It's the healing touch

Comfortable Stay

It's the healing touch

Familiar shores: International medical travellers who come here get access to class treatment at an affordable cost.

“And that is thanks to the expertise and quality of personnel available, technological advancements and the salubrious climate here. From the wellness tourism perspective, responses are coming in even from Asia-Pacific, Scandinavian countries and the like,” informs K Viswanatha Reddy, Director, Department of Tourism. Karnataka, in fact, was among the first states in the country to promote its expertise and technological superiority in treating complex ailments with fast access to urgent treatments.

Patients from 74 countries come to Narayana Hrudayalaya for heart and cancer care, for orthopaedic and other surgeries. “I don’t think Obama’s statement has made any difference as not many Americans are coming to India in large numbers. However, it’s a matter of time before the trickle gets converted to a tide. The ‘superbug’ story has not made any difference either as all these discussions are still at an elitist level without any scientific foundation,” informs Dr Devi Prasad Shetty, Chairman, Narayana Hrudayalaya. “We have a large number of doctors who have gone abroad, had exposure to Western medicine and have come back to the City,” he adds.

Medical travellers, who hail from Africa and Asia, come to the City predominantly for healthcare and those from Europe and the Americas,  for wellness. “The world class clinical quality here matches any best centres in the world. Today, many of our hospitals have clinical skills  with state-of-the-art technology, processes and protocols which are accredited and accepted internationally and a patient-centric approach,” says P Davison, Associate Vice-President, Fortis Hospitals Bangalore.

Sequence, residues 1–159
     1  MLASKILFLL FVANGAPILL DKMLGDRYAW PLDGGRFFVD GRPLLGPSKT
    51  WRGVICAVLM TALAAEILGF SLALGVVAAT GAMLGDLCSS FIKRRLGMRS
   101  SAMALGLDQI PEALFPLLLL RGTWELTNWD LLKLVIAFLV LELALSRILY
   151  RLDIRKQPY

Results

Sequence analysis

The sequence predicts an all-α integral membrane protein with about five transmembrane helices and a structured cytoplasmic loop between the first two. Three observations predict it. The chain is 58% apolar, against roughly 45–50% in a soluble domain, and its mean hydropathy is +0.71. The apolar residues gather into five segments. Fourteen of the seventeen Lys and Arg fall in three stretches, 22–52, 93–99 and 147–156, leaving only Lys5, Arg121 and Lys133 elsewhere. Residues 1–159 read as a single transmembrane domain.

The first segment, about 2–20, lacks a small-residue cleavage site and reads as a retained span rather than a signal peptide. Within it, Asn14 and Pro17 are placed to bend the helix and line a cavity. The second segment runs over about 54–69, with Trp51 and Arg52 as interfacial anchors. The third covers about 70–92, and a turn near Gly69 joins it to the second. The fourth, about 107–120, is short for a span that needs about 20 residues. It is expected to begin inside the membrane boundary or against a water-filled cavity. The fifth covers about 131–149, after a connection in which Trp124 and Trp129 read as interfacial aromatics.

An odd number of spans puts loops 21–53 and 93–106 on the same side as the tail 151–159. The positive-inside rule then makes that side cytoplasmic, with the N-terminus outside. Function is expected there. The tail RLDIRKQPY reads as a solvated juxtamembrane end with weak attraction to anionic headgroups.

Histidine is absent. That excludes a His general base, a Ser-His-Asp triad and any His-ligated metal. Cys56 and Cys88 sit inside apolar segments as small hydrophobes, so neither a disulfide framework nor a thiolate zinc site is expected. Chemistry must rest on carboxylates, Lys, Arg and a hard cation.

“The medical travellers get access to the best in class treatment at an affordable cost. A bypass surgery, which will cost about $ 50,000 to $ 60,000 in the US is $ 5000 to $ 6000 in India. The patients feel comfortable here because our hospitals offer food of their choice, language interpretation, accommodation of family members and local travel,” adds Davison.

What’s more, Bangalore has specialists who practise almost all systems of medicine while India is an eye-opener for most visitors. Which is why the package sometimes include sightseeing tours as well. Viswanatha Reddy informs that this is specially for the bystanders and certain hospitals provide such facilities.

“Here, the Government and the private sector work together in promotions and meet at regular intervals,” he adds. While health tourism may be in the pink of health, how does it help the ordinary folk here? “Once the medical tourism industry blossoms here, the common man will benefit mainly from the foreign exchange inflow. There will be greater employment opportunities as the international patients’ needs are sophisticated. They need hotels, holidays, personal travel etc. This will definitely subsidise the poor patients’ operation in hospitals like ours,” says Devi Shetty.

But it is not always a smooth ride. “The greatest challenge is the difficulty in getting medical visa for the foreign patients. It is very hard for patients from Bangladesh or Pakistan to come to India because the visa formalities are very stringent. After they come, they have to report to the police station at regular intervals. However, we have to respect the sentiments of the security advisors. Other than the visa and the traffic hazards, Bangalore has no shortcoming in promoting medical tourism,” he adds.

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